“It’s a lot easier to take photos with flowers these days. Is it because there are no bees around here?”
This is what a CBT reporter recently heard from one of the people in the crowds on a spring day when cherry blossoms were in full bloom. In fact, it was hard to find any of the honeybees that should have started working early to mid-March when the forsythias began to bloom. At the same time, mainline news started reporting that, starting from Jeju island and the Southern States, honeybees had suddenly disappeared, and could easily be found fallen dead! Insects like bees or butterflies can sense even the weakest of signals of any kinds of natural disasters. Then, isn’t this current mass disappearance of bees a sign of some looming disaster that humans can’t perceive yet?
According to an investigation by the Korean Beekeeping Association, 390,517 beehives out of 2,276,593 were affected by the current crisis until March 2nd. The average number of honeybees living in a beehive are approximately 15,000, so the lost honeybees are about 6 billion in total. This is 18% of the total honeybee population in the nation. Hereupon the association conducted an investigation cooperating with the Rural Development Administration. The investigation focused on the whole country excluding the southern states where huge damage was already reported. The chairman of the association Yoon Hwa-hyeon, who visited damaged apiaries earlier said “The damage from the disaster was so serious that I could say ‘horrible.’ Because the honeybees usually start making honey in March, it’s uncertain how much honey we will be able to extract later. However, more than that, we are sincerely concerned about much greater future losses that we may suffer.”
An anonymous beekeeper in Ulsan said that the honeybee’s disappearance did not only occur this year. He further commented that “The number of honeybees from my 10 beehives had gradually declined and the bees from the last 3 beehives were finally lost early this year. I couldn’t find any clue where they went, or even if they died.” Thus, the CBT reporter will describe why they disappear and the aftermath of their disappearance that mankind will have to face.
Firstly, there are two possible causes which are mainly responsible for the disappearance of the bees. One is the climate crisis, and the other is insecticide used on farms.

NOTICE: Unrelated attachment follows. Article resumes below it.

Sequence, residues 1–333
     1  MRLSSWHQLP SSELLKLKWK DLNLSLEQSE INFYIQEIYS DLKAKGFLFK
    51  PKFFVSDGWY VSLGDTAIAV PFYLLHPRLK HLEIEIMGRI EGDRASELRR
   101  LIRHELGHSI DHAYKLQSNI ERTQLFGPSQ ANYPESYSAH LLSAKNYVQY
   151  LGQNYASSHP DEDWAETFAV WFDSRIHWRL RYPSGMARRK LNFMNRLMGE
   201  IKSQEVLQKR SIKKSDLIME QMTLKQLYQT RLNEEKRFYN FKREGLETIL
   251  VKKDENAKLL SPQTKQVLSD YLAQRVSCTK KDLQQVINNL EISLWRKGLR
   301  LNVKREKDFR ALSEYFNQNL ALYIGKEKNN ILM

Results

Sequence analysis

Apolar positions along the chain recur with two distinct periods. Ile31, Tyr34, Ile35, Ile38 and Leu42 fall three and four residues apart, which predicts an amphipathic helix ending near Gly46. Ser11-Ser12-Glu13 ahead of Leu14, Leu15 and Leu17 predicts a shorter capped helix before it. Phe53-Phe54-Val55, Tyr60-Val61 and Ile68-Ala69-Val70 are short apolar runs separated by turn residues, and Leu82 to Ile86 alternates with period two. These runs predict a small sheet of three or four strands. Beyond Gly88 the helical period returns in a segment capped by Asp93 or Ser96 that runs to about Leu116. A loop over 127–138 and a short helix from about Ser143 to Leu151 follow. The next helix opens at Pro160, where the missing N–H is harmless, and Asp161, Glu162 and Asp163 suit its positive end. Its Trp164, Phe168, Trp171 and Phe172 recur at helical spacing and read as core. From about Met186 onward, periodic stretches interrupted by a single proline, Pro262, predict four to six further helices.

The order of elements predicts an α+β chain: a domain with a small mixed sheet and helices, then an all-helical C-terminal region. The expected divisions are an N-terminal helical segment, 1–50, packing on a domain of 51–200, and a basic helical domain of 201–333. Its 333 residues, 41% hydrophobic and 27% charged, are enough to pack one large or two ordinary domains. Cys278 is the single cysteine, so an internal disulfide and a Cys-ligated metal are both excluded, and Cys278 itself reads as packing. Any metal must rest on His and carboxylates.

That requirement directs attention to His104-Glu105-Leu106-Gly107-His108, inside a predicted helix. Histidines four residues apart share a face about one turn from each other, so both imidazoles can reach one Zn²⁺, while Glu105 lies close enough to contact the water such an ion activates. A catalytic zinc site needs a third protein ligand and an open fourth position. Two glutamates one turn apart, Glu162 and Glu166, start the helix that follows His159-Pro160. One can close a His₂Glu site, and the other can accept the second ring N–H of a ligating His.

Aspect of climate crisis, the problem can be found in the warm autumn to winter temperatures last year. Naturally, spring and summer are when honeybees are most active collecting honey. During these seasons, the beekeepers are also busy keeping honeybees safe from thunderstorms, viruses and parasites. According to the TV program Unanswered Questions, a queen bee hatches worker bees who only live and work in winter during the cold months. This is the time when bees stay inside the beehive to survive from cold. While they spend winter, the queen bee does not lay or hatch any eggs. However, last October to November bees left their shelter early, because of the relatively warm weather of over 10°C. As a result, those bees who prematurely left their shelter died or disappeared after the temperature fell again. In case of such a dramatic loss of population, the amount of honey that a farm can produce is really limited, and the honey market may go into a panic. Furthermore, honeybees are responsible for the pollination of 30% of the 1500 plant species that mankind can grow, especially in the domestic fruit market. The 90% of fruits cultivated in domestic glasshouses, like strawberries and watermelons, are pollinated by honeybees. If the population of honeybees slowly decreases, artificial pollinations will become inevitable. However, artificial pollination is limited due to some problems including human resources. If the population loss continues over a long period of time, it may lead to a severe lack of fresh food, fruits and vegetables, which will lead to a food shortages and famines.
The last cause of the disappearance is, contradictorily, a mite insecticide for honeybees. According to the Animal Hygienic Laboratory of the North Gyeongsang Province, a mite is parasitic to the larvae and the imago of honeybees and keeps slowing down or stopping the growth of bees. When they get into the imago’s body, they cause a malformation of the body and it loses the ability to get up to 30~46% of the honey. In addition to being a parasite that affects the bodies of the bees, mites take over the space in beehives. Farmers use chemical insecticide to get rid of mites, the most common chemical control being the one used for ticks based on fluvalinate. However, since the damage from mites is increasing and the farmers have been using similar product-based insecticide for years, mites have become increasingly immune to it. This causes the farmers to use more and more pesticide to eradicate the mites, which eventually leads to harming the honeybees. Overdose of insecticide arouse the bees into some abnormal behavior, and causes the decline of memory and flying ability. In addition, the queen bee can experience the decline of breeding ability. For this reason, the institution recommends using two pesticides alternatively.
Honeybees have one of the most important roles in people’s ecosystem, which is the pollinating of many flowers and crops. To reduce the disastrous loss of bees requires continuous attention from the government to support the farms and investigate the causes of the decline. Also, as dependent inhabitants of the Earth, all citizens should be aware of and alert to these series of environmental problem.
By Ji Jae-lim l firstname.lastname@example.org